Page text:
Sunday, October 24, 2010

A Convict's Life

So what happened to a convict once he or she arrived in Australia. Firstly, upon departing the ship, the convicts were sent to a barracks where they would find out exactly how their sentence was to be served.

The worst of the convicts were transported to prison settlements, where hard labour was their reward - and supervision was of the most severe kind. Those who committed crimes or behaved "badly" were then sent to prisons of even more stringent rules and regulations - Port Arthur or Norfolk Island. The conditions of these two penal settlements was so harsh and terrible, that a number of convicts took their own lives rather than endure these conditions.

Most convicts, however, were employed by the Government or were assigned to "free settlers". Work was undertaken in towns or farms. However, the fate or conditions of a convict rested in the mood or character of his or her master.

If the master was of a considerate nature, the convict might have enough food and comfortable conditions. Good behaviour led to the opportunity of obtaining a "ticket of leave" or even a pardon. With a "ticket of leave" a convict might work freely in a district, reporting to the local magistrate at regular periods. This system can be likened to the modern-day "parole" system. However, a convict could not own land until his or her sentence was fully served. A conditional pardon granted the convict freedom and restoration of all legal rights - on the condition that he or she did not return to England until the full sentence had expired. A pardon could only be granted at the discretion of the Governor.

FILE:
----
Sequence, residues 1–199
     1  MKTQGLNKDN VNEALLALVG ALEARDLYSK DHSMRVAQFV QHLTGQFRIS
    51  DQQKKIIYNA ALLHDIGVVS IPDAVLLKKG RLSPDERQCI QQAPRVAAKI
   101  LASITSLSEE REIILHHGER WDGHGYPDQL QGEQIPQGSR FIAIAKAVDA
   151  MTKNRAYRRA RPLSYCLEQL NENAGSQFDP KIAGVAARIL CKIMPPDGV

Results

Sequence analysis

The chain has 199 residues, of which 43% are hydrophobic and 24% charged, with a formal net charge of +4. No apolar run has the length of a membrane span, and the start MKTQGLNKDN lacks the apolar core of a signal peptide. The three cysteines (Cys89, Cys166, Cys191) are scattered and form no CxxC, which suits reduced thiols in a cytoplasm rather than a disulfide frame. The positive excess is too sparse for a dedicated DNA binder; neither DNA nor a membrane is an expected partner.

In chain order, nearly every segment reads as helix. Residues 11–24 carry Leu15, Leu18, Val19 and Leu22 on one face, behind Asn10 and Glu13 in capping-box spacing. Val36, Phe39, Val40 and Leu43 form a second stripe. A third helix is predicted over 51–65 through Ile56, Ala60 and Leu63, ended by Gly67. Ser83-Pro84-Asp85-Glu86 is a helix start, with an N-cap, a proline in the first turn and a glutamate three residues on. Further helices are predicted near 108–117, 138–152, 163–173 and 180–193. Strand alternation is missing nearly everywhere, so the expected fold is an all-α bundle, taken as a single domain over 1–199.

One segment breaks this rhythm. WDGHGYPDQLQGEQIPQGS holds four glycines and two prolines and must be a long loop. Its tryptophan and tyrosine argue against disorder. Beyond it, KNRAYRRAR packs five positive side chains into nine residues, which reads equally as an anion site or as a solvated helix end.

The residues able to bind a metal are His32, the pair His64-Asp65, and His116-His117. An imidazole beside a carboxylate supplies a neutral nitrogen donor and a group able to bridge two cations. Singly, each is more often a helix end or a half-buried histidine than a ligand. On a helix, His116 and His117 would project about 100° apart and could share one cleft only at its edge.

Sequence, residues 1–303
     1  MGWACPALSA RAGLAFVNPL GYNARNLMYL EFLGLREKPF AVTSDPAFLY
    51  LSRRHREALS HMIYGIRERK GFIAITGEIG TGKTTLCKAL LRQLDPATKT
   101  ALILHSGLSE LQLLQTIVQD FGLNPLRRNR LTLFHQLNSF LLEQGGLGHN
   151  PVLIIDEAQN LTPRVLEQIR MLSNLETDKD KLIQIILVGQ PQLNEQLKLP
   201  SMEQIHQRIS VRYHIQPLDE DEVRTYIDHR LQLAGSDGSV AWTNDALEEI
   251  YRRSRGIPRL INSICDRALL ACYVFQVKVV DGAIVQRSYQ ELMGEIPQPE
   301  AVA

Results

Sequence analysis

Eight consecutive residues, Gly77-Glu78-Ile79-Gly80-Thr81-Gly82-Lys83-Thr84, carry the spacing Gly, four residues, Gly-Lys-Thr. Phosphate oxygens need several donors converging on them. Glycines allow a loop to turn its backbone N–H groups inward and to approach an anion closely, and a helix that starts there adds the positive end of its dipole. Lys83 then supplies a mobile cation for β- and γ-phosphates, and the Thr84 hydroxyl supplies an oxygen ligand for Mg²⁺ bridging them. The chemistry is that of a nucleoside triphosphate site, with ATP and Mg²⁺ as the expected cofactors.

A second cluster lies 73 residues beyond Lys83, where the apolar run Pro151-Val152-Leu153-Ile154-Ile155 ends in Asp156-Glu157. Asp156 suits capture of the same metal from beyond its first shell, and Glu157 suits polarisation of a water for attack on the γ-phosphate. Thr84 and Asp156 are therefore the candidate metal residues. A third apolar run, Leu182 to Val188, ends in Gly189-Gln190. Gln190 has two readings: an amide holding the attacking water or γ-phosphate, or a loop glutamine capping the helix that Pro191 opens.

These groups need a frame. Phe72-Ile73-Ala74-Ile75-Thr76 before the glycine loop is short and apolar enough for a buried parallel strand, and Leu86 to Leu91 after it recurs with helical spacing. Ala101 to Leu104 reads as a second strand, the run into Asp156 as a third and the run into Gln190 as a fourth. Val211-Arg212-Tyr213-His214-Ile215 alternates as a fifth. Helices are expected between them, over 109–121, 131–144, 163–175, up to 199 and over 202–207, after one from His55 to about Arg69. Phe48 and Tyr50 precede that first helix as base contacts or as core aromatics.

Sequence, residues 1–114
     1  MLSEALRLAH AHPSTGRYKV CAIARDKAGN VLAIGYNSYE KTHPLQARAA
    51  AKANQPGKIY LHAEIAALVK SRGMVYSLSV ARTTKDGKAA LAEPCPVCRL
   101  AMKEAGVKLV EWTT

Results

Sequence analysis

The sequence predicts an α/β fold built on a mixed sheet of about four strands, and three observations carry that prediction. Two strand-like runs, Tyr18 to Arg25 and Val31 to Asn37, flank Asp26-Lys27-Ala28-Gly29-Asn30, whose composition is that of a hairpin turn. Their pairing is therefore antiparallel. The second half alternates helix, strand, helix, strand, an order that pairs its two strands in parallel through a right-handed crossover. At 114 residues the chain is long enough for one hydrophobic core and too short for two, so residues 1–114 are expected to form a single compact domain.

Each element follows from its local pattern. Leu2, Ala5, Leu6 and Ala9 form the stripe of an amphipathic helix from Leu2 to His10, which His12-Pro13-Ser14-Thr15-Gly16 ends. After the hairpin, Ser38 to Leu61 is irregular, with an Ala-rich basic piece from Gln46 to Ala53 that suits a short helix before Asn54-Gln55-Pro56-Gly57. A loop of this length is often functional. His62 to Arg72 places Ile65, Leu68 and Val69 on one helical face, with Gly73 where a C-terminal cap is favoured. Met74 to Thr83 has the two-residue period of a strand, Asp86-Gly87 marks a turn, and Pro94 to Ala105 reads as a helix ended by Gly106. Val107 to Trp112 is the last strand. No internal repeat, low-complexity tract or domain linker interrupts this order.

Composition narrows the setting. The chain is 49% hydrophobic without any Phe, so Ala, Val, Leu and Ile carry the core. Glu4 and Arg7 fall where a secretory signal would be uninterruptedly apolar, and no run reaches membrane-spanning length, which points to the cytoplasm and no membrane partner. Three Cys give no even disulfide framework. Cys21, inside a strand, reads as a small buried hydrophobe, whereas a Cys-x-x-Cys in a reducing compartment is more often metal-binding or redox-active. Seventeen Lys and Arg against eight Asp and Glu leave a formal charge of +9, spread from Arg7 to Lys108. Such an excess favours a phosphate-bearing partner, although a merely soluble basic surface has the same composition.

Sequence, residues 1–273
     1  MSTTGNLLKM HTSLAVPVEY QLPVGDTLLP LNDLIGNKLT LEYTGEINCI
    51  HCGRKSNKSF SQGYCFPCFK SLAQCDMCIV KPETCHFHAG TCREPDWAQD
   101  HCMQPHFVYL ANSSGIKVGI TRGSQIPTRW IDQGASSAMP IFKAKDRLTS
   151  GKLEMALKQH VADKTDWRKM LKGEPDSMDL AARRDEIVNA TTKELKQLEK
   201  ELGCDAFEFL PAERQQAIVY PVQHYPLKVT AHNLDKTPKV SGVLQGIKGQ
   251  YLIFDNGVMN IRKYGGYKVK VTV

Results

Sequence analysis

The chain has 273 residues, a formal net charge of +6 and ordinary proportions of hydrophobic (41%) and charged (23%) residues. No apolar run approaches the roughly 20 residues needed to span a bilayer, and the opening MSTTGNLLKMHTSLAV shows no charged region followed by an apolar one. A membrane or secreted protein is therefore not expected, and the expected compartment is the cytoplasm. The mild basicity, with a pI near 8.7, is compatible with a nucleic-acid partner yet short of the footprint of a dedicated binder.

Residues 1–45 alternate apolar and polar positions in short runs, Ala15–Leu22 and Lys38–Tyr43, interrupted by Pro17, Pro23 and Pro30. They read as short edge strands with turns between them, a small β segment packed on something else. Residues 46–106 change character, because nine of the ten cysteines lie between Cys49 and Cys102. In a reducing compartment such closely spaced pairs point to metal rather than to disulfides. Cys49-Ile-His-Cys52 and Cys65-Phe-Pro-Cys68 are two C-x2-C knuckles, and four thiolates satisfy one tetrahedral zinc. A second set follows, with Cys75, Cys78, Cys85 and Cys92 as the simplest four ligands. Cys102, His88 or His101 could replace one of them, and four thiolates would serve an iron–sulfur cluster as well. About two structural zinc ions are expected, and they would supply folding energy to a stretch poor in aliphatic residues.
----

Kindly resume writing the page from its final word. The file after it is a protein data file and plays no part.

However, if a master were harsh or cruel, the convict lived in daily fear of being whipped, even for the most trivial or imagined offences. This threat kept the convicts in a constant state of submission. Worse still, a convict may find themselves sentenced to hard labour.

For convicts assigned to farmers - and later "squatters" - life could be one of hazard and loneliness. Others were assigned to the labour intensive quarrying, road and bridge construction.

Those convicts who were lucky enough to find employment with the Government were usually those who had some skill. Having a skill greatly improved the prospects of a convict. Skilled tradesmen were in constant demand to undertake the construction of government buildings; other may be employed in government stores; other found employment in the homes of prosperous settlers.

Essentially, convicts provided cheap - and expendable - labour for a colony that was undergoing growth and the arrival of new settlers.

1 comment:

Le Loup said...

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